Hypericum perforatum is best known for its anti-depressant action, and it deserves its fame as its been documented in medical writings since greco-roman times for its mental health benefits(Stargrove et al.). Much has been studied since, and St Johns wort climbed to fame in the 1990’s as a standardized extract*. It has been used to treat mild to moderate depression, anxiety, PMS, SADS, menopausal related mood disorders and insomnia with numerous clinical studies to support its efficacy. Some feel St Johns Wort can achieve similar effects to anti-depressants such as MAOI inhibitors or SSRI’s without the list of side effects. How St Johns Wort works on a chemical level still remains somewhat a mystery. Stargrove et al., state that it may function as a general neurotransmitter re-uptake inhibitor for all five neurotransmitters. In reducing the re-uptake of these neurotransmitters, such as dopamine or serotonin, we are allowing these feel good chemicals to be more available for the brain. The only downside of this amazing plant is how tricky it is to combine with other medications. St Johns Wort acts on a enzymatic pathway in the liver called CYP450, which is where many other drugs are metabolized. Without getting too into pharmacokinetics, this means SJW can either increase (inhibit metabolism) or decrease (induce metabolism) of the amount of the drug in your system which can create dangerous situations. Yes, plants can be just as dangerous as medications sometimes! Not to fear, just remember to do some research before combining it with other medications or supplements.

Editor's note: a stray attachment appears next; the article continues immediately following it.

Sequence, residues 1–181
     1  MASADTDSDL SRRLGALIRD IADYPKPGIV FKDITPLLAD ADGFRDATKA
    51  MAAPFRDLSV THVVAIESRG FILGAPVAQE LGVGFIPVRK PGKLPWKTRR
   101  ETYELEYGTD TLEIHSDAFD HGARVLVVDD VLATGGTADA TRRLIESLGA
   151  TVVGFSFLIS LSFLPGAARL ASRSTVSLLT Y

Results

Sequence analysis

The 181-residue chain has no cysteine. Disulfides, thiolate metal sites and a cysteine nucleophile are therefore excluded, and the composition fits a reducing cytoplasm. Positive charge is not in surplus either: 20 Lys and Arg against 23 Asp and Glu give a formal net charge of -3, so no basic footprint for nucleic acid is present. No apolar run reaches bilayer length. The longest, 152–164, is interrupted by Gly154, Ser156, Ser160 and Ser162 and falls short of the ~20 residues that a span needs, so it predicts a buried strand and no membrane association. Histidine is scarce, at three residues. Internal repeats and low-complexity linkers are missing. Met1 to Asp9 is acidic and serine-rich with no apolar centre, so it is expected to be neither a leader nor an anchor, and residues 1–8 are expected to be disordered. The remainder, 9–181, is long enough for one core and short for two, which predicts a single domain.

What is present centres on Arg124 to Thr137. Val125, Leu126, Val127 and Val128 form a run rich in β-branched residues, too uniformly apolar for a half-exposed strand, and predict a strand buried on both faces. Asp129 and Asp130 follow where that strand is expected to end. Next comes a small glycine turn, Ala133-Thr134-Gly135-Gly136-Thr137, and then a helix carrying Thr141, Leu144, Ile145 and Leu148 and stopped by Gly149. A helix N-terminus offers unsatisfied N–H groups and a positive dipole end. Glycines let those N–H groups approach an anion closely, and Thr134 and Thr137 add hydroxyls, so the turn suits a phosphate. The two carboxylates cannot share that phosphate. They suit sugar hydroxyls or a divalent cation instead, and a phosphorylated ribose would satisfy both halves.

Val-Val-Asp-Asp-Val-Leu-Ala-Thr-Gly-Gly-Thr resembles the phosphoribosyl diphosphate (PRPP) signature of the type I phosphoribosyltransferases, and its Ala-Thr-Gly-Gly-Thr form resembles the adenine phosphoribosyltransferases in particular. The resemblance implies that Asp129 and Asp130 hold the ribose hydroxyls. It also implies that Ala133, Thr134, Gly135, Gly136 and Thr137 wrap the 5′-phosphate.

Hypericum perforatum has even more amazing benefits than just those that are psychological. This herb can work wonders for neuralgia, sciatica and rheumatic pain. It can be used internally and externally for its pain relieving qualities. Topically it can also speed up healing of bruises, wounds, varicose veins and burns.
These are two of the four plant extracts I will be offering in the fall CSH, Grindelia honey and St Johns Wort tincture. Stay tuned for the rest and contact me at email@example.com to become a member and receive a share.
* A standardized extract is an encapsulated plant extract that isolates one or more constituents and contains a certain percentage of this constituent per capsule. This form of herbal medicine tends to be more recognized by the scientific world and therefore more research is available.
Herb, Nutrient and Drug Interactions. 2008. Stargrove, Mitchell Bebel., Treasure, Jonathan., Mckee Dwight.
Medicinal Plants of the Mountain West. 2003. Micheal Moore
Brinker, Francis. Topical uses for Grindelia Species. Journal of American Herbalists Guild. Vol. 6 no. 2 2006.